Forging Partnerships
French president's China visit has lasting political and economic significance
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Print Edition> World
UPDATED: May 6, 2013 NO. 19 MAY 9, 2013
Cementing Military Trust
Dempsey's visit to China highlights need for cooperation
By Yu Lintao

WALKING THE RED CARPET: Fang Fenghui (left), Chief of the PLA General Staff, welcomes Martin Dempsey, Chairman of the U.S. Joint Chiefs of Staff, to Beijing on April 22 (CNSPHOTO)

General Martin Dempsey, Chairman of the Joint Chiefs of Staff, visited China in late April days after top U.S. diplomat John Kerry did the same. The recent series of visits between Washington and Beijing, kicked off by Treasury Secretary Jacob Lew in March, demonstrate an eagerness to consult with each other since the beginning of President Barack Obama's second term and China's leadership transition. In addition to ever-expanding economic and trade ties, along with social and cultural initiatives, the enhancement of bilateral military exchanges remains important for the strengthening of mutual trust, despite barricades.

"Dempsey's visit was helpful in learning more about the Chinese military, building trust and enhancing coordination between the two sides on regional security affairs. But compared to Sino-U.S. economic, social and cultural relations, there remains much room for the improvement of their bilateral military relationship," said Teng Jianqun, Director of the Department for American Studies and a senior research fellow on China's security policy with the China Institute of International Studies.

Candid interaction

During talks with Dempsey, Chinese President Xi Jinping, who is also Chairman of the Central Military Commission, said China is willing to make joint efforts with the United States to establish a new type of military partnership. Fang Fenghui, Chief of the General Staff of the People's Liberation Army (PLA), expressed a similar stance.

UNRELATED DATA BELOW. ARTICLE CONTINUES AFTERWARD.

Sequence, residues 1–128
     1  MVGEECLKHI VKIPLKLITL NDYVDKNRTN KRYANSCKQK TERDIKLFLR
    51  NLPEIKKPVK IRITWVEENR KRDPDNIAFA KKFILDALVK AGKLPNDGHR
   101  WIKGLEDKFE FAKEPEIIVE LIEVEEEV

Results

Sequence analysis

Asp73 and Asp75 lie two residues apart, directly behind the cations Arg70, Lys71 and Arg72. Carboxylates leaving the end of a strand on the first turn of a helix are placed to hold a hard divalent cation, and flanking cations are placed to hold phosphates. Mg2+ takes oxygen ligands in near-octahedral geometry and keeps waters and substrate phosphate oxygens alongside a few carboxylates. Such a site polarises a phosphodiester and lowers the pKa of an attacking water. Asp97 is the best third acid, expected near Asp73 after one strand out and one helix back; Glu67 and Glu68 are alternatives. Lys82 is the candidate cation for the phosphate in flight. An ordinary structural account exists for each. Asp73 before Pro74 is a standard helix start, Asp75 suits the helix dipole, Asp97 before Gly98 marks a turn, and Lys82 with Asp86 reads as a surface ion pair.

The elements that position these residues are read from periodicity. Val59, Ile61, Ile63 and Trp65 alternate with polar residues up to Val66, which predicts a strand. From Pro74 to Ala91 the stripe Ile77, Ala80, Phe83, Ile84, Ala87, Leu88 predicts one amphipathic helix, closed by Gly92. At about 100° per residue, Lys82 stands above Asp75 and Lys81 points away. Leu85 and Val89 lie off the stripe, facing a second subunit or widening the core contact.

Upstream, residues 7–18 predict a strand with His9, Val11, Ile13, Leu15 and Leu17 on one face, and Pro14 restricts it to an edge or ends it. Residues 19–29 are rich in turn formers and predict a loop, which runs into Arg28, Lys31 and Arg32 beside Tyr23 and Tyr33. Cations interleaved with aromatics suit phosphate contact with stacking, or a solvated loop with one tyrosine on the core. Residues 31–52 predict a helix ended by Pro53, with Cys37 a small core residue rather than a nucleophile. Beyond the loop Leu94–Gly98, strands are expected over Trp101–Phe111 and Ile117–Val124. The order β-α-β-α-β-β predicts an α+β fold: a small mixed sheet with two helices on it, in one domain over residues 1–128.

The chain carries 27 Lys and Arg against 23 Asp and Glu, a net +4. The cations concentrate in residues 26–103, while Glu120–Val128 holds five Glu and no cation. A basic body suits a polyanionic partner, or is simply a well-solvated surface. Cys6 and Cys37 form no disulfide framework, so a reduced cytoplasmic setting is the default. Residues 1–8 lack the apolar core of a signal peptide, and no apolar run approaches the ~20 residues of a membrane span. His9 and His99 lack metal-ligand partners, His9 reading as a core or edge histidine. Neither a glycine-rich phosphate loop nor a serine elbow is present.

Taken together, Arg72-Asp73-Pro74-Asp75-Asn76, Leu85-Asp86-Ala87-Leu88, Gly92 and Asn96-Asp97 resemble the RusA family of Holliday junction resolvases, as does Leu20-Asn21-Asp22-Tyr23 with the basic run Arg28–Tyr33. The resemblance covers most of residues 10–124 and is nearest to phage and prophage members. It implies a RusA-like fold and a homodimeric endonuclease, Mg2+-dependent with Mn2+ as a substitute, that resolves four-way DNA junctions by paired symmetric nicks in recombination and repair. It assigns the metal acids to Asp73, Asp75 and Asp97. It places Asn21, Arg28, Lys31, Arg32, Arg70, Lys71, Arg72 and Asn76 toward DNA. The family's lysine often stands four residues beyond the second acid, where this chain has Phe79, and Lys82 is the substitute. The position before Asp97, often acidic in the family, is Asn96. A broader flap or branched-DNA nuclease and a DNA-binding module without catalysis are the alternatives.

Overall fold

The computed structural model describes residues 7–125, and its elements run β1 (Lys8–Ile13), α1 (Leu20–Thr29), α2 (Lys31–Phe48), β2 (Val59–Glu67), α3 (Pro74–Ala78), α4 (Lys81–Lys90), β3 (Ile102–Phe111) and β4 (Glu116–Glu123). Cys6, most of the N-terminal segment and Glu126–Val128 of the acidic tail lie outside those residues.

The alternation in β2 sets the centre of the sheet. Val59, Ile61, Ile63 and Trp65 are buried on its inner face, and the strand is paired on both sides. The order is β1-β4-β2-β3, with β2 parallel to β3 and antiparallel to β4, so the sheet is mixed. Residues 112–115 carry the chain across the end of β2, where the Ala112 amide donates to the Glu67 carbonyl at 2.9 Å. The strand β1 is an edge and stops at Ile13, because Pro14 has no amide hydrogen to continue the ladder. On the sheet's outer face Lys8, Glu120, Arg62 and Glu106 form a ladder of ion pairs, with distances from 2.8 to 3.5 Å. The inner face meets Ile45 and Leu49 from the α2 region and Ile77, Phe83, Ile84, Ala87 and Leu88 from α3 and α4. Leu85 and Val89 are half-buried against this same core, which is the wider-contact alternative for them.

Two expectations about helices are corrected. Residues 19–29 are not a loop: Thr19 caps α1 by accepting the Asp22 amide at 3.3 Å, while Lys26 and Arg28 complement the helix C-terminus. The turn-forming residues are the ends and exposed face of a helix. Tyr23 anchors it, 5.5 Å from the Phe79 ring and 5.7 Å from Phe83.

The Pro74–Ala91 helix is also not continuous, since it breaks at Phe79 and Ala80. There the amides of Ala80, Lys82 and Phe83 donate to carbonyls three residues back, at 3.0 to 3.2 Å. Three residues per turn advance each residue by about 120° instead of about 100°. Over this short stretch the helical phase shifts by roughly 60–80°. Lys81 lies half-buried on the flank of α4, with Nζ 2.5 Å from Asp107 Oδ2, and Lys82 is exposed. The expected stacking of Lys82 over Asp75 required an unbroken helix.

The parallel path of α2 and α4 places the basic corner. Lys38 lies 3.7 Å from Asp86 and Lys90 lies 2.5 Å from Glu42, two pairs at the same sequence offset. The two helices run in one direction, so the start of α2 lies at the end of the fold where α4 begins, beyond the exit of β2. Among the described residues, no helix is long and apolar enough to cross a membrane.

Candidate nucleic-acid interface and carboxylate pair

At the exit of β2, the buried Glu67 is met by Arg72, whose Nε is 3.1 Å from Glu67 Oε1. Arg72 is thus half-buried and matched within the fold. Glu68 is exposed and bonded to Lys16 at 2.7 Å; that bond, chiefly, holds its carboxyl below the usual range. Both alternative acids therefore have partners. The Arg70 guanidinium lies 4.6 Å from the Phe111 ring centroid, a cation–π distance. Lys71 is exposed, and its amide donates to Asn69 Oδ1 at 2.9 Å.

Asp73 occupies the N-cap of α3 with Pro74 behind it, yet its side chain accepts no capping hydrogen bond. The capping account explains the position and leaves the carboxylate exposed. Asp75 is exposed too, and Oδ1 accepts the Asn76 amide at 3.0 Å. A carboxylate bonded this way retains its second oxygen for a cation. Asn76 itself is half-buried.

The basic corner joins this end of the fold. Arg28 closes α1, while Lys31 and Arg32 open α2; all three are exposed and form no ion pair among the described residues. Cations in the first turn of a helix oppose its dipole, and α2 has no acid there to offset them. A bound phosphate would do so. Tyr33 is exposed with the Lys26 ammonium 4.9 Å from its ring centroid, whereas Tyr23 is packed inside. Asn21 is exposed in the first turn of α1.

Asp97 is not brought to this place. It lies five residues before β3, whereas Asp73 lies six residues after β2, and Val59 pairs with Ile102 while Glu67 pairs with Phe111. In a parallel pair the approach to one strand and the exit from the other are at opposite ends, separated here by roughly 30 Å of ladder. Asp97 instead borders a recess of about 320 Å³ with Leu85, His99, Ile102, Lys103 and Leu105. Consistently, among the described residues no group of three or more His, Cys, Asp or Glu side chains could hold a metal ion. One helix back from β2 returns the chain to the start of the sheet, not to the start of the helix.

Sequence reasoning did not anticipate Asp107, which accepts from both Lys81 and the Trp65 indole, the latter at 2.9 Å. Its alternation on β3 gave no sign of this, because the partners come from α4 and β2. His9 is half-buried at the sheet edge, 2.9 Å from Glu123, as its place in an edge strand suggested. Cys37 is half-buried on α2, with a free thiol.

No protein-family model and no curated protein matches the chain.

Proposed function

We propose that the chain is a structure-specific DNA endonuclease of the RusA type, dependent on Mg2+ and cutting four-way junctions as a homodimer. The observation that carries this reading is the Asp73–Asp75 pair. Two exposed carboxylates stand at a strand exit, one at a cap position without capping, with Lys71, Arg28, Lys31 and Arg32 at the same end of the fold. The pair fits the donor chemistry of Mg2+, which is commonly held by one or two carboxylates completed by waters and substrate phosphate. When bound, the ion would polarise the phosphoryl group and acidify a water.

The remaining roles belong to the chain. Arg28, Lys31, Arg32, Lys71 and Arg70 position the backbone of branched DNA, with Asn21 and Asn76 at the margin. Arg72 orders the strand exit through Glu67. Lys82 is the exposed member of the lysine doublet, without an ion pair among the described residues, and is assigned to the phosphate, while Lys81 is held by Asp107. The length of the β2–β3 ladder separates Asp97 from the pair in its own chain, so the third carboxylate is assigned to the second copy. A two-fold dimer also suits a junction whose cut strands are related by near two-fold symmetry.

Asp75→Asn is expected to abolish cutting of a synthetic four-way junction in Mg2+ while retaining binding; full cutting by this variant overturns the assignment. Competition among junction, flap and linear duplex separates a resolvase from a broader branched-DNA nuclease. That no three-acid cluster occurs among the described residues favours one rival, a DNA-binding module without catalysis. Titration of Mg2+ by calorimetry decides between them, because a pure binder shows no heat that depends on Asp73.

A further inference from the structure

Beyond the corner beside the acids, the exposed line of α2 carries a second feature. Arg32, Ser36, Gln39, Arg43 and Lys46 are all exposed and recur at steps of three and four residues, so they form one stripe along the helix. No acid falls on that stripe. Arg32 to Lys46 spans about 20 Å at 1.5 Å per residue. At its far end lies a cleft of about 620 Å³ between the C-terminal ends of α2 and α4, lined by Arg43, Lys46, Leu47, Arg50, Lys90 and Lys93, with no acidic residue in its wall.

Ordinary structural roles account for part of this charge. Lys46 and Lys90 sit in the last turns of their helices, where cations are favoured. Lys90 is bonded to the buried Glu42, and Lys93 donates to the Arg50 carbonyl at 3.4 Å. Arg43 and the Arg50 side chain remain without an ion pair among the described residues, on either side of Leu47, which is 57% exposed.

Dempsey said he was satisfied with the candid, in-depth and fruitful interaction with Chinese military officers during his trip. The United States is ready to work with China to strengthen mutual trust and overcome obstacles in boosting military-to-military relations, he added.

Teng said the new-type military relationship is part of the "new type of relations between major countries" that China advocates. It is also a basis for promoting mutual trust. However, military ties remain the most sensitive component of Sino-U.S. relations.

"High-level military exchanges, which help promote military transparency and mutual trust, are necessary in the context of the U.S. pivot to Asia," Teng told Beijing Review. The U.S. focus on Asia has aroused concern in China over possible containment tactics.

China is trying to enhance its military transparency to gain trust from the outside world, Teng said. He cited the newly published white paper on China's armed forces as an example, saying the country is showing both transparency and self-confidence in its national defense.

In the paper, China for the first time disclosed the numbers of army, navy and air force servicemen, designations of its army combined corps and its main missile lineup. The paper also showed a clear line in the strategic intention of Chinese defense.

Han Xudong, a professor at the Beijing-based PLA National Defense University, said that the results of Dempsey's China trip showed that the United States sees great value in the development of the Chinese military. Deepening Sino-U.S. military exchanges will play a positive role in safeguarding stability and security in the Asia-Pacific region.

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